The advisor of a student who has not yet declared a major should be prepared to explore with the student his or her life goals and education/career goals and to help the student reach at least a tentative decision about choice of major. Students may have questions related to internships and career options related to a particular major. The Career Development Center specializes in working with advisors and undeclared students to help these students find a rewarding and challenging employment experience that can supplement or help determine their choice of major.
The advisor will meet with each undeclared advisee and, with the help of the advisee’s transcript, plan each semester’s schedule and indicate approval by giving the advisee an Advisor Access Code (AAC) for Web registration or signing the registration form for in-person registration.
Students on Academic Probation
Students in the School of Liberal Arts and Sciences who are on academic probation are asked by the associate dean to meet with their advisor to discuss the reasons for their academic difficulties and how they may improve their performance. In the School of the Arts, students who are on academic probation meet with their advisor and/or the chair of their conservatory, the director of the School of Art+Design, or (for arts management students) the dean of the School of the Arts.
Student Alert Button
If an advisor feels a student is at risk of failing or seems to be dealing with problems or issues outside the purview of the advisor-advisee relationship, the advisor can use the Student Alert Button. The Student Alert Button provides an avenue for faculty to channel their concerns about a student. The button sends an alert to the At-Risk Committee. When alerts are received, this committee contacts the student to help identify the challenges that are affecting his or her ability to succeed in school. Students are then strongly encouraged to use the services that may help them address these issues. The Student Alert Button is located on the “Self Service” menu under the “Academics” tab on my.purchase.edu.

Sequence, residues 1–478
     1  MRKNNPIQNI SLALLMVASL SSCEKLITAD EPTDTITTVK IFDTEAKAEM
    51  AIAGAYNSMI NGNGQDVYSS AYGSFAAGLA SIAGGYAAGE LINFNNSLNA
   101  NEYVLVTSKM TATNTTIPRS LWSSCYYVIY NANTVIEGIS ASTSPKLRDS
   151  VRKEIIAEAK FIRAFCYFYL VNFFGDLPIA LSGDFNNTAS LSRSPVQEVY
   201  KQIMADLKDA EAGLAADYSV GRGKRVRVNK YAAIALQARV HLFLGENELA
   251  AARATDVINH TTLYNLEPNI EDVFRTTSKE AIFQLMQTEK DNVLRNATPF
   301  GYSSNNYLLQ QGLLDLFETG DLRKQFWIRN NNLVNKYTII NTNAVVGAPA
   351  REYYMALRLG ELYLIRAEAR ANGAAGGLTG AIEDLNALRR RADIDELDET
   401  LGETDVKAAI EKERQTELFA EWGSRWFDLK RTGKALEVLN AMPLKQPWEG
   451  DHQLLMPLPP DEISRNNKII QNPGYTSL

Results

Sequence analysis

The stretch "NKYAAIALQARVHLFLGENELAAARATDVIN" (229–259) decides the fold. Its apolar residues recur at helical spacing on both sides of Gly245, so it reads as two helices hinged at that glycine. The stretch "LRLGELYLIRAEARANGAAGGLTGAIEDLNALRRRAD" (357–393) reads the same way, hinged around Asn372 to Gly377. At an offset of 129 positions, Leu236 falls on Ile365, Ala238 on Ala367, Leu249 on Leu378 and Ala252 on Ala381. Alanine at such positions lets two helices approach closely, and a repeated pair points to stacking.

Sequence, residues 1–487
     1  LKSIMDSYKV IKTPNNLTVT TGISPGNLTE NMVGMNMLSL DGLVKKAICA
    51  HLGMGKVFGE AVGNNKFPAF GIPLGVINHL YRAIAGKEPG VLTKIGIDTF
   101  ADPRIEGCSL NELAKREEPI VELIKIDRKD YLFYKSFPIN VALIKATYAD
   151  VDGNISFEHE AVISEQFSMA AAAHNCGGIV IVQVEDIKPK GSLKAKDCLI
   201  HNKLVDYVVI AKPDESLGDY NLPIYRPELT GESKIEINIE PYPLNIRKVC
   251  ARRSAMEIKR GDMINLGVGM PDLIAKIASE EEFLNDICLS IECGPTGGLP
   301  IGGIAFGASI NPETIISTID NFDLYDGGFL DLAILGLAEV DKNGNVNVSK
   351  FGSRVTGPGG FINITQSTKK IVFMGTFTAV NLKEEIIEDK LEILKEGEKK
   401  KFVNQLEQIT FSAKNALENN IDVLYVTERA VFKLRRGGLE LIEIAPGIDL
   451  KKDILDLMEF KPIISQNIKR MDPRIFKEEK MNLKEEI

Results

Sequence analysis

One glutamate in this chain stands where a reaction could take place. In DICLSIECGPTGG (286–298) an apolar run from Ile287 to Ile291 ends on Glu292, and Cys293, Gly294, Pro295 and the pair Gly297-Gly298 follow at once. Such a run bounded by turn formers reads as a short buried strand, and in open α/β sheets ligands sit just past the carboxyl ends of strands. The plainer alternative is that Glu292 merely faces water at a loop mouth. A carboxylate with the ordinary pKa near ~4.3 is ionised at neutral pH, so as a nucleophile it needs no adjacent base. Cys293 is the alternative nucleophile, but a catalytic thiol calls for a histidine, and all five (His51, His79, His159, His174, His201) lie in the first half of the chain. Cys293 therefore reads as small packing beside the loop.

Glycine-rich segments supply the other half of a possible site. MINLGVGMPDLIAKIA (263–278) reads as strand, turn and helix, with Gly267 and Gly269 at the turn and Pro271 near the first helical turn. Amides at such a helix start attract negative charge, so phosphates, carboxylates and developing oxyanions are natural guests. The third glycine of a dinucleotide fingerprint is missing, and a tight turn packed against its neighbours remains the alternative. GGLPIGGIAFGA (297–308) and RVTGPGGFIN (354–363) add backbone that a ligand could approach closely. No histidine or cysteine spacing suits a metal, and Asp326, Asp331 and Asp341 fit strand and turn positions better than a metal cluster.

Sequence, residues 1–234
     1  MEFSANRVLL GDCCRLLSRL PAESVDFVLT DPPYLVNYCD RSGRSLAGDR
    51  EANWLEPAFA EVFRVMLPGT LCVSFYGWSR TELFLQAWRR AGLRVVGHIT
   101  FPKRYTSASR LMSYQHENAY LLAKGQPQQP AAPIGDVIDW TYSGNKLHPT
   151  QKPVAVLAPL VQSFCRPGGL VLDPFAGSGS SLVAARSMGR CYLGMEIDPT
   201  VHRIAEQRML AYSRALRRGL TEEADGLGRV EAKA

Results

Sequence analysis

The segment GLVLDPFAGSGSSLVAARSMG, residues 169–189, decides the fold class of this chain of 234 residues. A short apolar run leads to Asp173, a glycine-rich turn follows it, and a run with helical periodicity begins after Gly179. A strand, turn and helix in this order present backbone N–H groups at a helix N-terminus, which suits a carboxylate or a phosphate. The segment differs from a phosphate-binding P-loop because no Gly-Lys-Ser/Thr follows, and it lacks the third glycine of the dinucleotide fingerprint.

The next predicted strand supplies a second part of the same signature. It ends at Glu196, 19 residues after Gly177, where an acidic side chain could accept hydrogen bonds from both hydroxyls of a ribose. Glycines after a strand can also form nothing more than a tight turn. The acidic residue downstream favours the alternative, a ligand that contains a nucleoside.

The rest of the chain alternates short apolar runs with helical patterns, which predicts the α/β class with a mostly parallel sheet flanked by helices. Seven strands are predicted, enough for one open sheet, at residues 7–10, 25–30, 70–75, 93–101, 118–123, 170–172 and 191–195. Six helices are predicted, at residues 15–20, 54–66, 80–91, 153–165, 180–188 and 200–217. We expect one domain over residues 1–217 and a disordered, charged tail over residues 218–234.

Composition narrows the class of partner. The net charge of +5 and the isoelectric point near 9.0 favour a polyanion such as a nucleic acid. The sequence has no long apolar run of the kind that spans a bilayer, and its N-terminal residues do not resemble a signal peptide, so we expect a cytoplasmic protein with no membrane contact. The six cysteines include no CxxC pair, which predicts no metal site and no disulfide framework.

When the advisee decides on a major, he or she will file a Declaration of Major form with the Office of the Registrar, and the student’s advising folder will be sent to the major advisor. The Declaration of Major form is available under Forms on the Office of the Registrar’s site.
The primary responsibilities of the major advisor are to give specific advice about the academic requirements of the student’s chosen major and to oversee the student’s completion of general degree requirements, including the core curriculum requirements. This includes:
The major advisor:
In addition to making students aware of their major and general degree requirements, major advisors can help their advisees to build other areas of interest by thoughtful choices of elective courses or academic minors. Frequently, major advisors will be asked to write substantive letters of recommendation for students who are assembling a credentials file, either for application to graduate school or for employment.
For specific questions about advising in the major, please contact the faculty coordinator of the relevant board of study.
For updates or comments on the contents of this page…